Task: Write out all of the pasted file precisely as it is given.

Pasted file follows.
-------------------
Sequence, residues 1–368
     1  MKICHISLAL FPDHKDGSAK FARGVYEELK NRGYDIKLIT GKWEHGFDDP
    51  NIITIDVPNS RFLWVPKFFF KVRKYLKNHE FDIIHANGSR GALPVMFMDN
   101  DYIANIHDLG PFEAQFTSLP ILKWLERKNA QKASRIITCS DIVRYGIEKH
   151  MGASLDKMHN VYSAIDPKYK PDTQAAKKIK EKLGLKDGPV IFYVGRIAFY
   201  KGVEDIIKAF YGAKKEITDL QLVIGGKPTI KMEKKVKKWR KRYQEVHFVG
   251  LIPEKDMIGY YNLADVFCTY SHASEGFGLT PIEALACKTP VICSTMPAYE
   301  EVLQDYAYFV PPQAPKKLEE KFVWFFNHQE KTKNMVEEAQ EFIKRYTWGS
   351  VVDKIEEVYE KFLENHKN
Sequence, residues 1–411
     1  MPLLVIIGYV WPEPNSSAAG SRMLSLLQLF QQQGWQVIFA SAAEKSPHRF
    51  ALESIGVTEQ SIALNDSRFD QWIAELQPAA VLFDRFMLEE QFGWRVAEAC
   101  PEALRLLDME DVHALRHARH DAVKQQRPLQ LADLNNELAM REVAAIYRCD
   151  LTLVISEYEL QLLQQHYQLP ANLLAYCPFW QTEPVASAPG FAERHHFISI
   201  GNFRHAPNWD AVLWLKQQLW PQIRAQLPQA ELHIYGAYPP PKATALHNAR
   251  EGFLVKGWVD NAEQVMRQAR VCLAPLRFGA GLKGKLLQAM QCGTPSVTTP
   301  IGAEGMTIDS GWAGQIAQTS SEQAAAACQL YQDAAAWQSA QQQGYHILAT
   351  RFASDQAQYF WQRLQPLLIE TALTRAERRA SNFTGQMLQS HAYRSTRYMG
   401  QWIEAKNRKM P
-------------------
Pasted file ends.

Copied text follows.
Sequence, residues 1–368
     1  MKICHISLAL FPDHKDGSAK FARGVYEELK NRGYDIKLIT GKWEHGFDDP
    51  NIITIDVPNS RFLWVPKFFF KVRKYLKNHE FDIIHANGSR GALPVMFMDN
   101  DYIANIHDLG PFEAQFTSLP ILKWLERKNA QKASRIITCS DIVRYGIEKH
   151  MGASLDKMHN VYSAIDPKYK PDTQAAKKIK EKLGLKDGPV IFYVGRIAFY
   201  KGVEDIIKAF YGAKKEITDL QLVIGGKPTI KMEKKVKKWR KRYQEVHFVG
   251  LIPEKDMIGY YNLADVFCTY SHASEGFGLT PIEALACKTP VICSTMPAYE
   301  EVLQDYAYFV PPQAPKKLEE KFVWFFNHQE KTKNMVEEAQ EFIKRYTWGS
   351  VVDKIEEVYE KFLENHKN
Sequence, residues 1–411
     1  MPLLVIIGYV WPEPNSSAAG SRMLSLLQLF QQQGWQVIFA SAAEKSPHRF
    51  ALESIGVTEQ SIALNDSRFD QWIAELQPAA VLFDRFMLEE QFGWRVAEAC
   101  PEALRLLDME DVHALRHARH DAVKQQRPLQ LADLNNELAM REVAAIYRCD
   151  LTLVISEYEL QLLQQHYQLP ANLLAYCPFW QTEPVASAPG FAERHHFISI
   201  GNFRHAPNWD AVLWLKQQLW PQIRAQLPQA ELHIYGAYPP PKATALHNAR
   251  EGFLVKGWVD NAEQVMRQAR VCLAPLRFGA GLKGKLLQAM QCGTPSVTTP
   301  IGAEGMTIDS GWAGQIAQTS SEQAAAACQL YQDAAAWQSA QQQGYHILAT
   351  RFASDQAQYF WQRLQPLLIE TALTRAERRA SNFTGQMLQS HAYRSTRYMG
   401  QWIEAKNRKM P